I like to approach social media the way I approach socializing. It probably helps that I am an extrovert. But I wasn’t born that way. I went through nerdy childhood and awkward adolescence, feeling left out of the popular cliques. Over time, I figured my way into where I wanted to be. That experience has been the most valuable one for me, when it comes to social media.
Social media is about people, about how we connect with each other, one on one and in groups. This is the essence of social skills. How to find that open spot, when to get in, what to say and what to be, how to deal with the ever-shifting vortex of other people’s perceptions. Isn’t this what a brand must deal with as well, when it comes to consumer mindspace?
What do you do when you go to a party? You prepare, by dressing up, by looking up the address and on occasion, thinking of things to say to the people you imagine will be there. For a brand, this translates to identifying the target audience, researching what interests them and where they hang out.
When you enter the party, what is your first action? Look around, take in the scene and reassure yourself that you’re dressed right, you’ve arrived at the right time, there are enough people who look like the picture in your head. And if one of these is off (as it is likely to be in a realistic scenario), you’ll take immediate corrective action. Hurry to the restroom (or back out, if you can) to get your attire in order. Formulate an apology or excuse for not being there at the right time. Reorient yourself to the people who are there, given they are a different crowd from what you expected.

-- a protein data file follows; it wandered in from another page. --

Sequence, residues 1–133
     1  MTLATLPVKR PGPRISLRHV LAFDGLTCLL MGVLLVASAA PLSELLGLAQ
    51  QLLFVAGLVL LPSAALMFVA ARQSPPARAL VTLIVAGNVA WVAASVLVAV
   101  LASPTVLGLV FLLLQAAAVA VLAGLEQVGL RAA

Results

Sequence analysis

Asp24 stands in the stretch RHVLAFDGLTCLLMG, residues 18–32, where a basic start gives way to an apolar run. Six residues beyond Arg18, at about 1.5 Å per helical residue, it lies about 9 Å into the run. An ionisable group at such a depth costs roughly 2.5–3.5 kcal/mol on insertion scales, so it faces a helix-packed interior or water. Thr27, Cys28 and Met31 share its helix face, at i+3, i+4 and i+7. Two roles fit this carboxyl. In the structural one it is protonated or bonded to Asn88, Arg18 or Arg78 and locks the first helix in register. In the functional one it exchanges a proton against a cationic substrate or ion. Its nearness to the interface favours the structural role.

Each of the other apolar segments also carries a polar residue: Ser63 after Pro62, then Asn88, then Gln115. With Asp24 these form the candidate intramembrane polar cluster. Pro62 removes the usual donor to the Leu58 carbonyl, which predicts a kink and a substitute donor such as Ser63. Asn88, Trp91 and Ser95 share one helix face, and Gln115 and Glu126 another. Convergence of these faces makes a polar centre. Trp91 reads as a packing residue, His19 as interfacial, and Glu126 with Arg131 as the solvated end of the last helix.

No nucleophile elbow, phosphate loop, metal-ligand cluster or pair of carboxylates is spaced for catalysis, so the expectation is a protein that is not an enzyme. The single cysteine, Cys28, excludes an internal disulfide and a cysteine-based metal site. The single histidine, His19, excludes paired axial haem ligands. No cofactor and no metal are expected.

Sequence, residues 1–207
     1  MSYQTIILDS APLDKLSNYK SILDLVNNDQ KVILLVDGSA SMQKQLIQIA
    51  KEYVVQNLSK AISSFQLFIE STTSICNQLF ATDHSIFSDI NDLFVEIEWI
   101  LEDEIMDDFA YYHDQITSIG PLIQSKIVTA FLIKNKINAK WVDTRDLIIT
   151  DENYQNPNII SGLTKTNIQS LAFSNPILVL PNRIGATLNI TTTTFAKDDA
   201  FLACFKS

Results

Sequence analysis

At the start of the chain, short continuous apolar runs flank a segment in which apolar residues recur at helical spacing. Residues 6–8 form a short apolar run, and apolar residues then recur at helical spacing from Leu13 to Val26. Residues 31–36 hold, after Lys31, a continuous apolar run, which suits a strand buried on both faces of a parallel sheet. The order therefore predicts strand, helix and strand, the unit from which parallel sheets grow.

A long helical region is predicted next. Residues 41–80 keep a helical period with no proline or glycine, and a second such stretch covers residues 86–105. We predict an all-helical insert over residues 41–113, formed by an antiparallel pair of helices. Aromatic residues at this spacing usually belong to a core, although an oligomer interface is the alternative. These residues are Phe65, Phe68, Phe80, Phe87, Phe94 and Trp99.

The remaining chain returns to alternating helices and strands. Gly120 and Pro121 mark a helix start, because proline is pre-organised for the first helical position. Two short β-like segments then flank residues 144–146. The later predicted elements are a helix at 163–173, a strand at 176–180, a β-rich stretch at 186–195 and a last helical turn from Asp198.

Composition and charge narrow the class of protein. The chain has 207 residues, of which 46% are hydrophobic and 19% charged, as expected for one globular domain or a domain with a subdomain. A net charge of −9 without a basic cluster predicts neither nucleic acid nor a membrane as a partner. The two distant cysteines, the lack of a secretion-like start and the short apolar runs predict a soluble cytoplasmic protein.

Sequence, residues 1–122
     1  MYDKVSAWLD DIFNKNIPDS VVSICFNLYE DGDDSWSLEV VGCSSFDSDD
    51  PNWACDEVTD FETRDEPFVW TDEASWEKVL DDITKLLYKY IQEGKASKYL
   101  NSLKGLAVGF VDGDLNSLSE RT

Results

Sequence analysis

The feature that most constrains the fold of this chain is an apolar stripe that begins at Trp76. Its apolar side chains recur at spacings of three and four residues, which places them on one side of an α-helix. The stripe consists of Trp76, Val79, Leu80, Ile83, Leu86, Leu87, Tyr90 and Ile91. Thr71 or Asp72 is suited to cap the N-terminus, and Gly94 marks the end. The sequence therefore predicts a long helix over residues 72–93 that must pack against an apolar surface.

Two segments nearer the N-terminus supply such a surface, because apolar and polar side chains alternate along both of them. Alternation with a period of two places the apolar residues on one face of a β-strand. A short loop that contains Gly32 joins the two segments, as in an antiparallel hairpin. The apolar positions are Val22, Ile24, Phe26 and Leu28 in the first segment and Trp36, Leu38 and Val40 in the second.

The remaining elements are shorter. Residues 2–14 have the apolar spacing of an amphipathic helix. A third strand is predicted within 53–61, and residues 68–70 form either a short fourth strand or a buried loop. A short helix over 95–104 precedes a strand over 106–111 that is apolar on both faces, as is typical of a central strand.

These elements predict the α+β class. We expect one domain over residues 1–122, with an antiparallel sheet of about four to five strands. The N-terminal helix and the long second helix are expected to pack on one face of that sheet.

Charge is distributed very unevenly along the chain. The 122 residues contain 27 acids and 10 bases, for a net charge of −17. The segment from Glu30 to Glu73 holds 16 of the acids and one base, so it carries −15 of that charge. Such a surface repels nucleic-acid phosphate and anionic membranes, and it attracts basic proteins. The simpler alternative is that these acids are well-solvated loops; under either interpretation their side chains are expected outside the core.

I find this helps me stay more realistic about the flexibility that is required of a brand, when it first comes onto social media. Content strategy, social media plans – all of these are sweet dreams on paper and will look that way for about a week. After that, reality will require you to shape it differently or fall by the wayside.
Given that brands are business properties, backed by the money, effort and time of several people, there is that additional pressure to perform. Who would a ‘top performer’ be in my party metaphor? Why, the toast of the party, of course. As a brand custodian, you aim to be that. You might end up being one of the ‘interesting people I met today’ for most of the audience. But it sure beats being that wallflower that nobody remembers. Or worse still, that utterly gauche person who made a laughingstock of himself by throwing up (social faux pas). Being popular is an art but also an acquired skill. Boiling it down to a formula-based science won’t get you very far.
Brands need to approach social media the same way people approach a party. Social skills make the whole difference between this being a nightmare or a fun activity.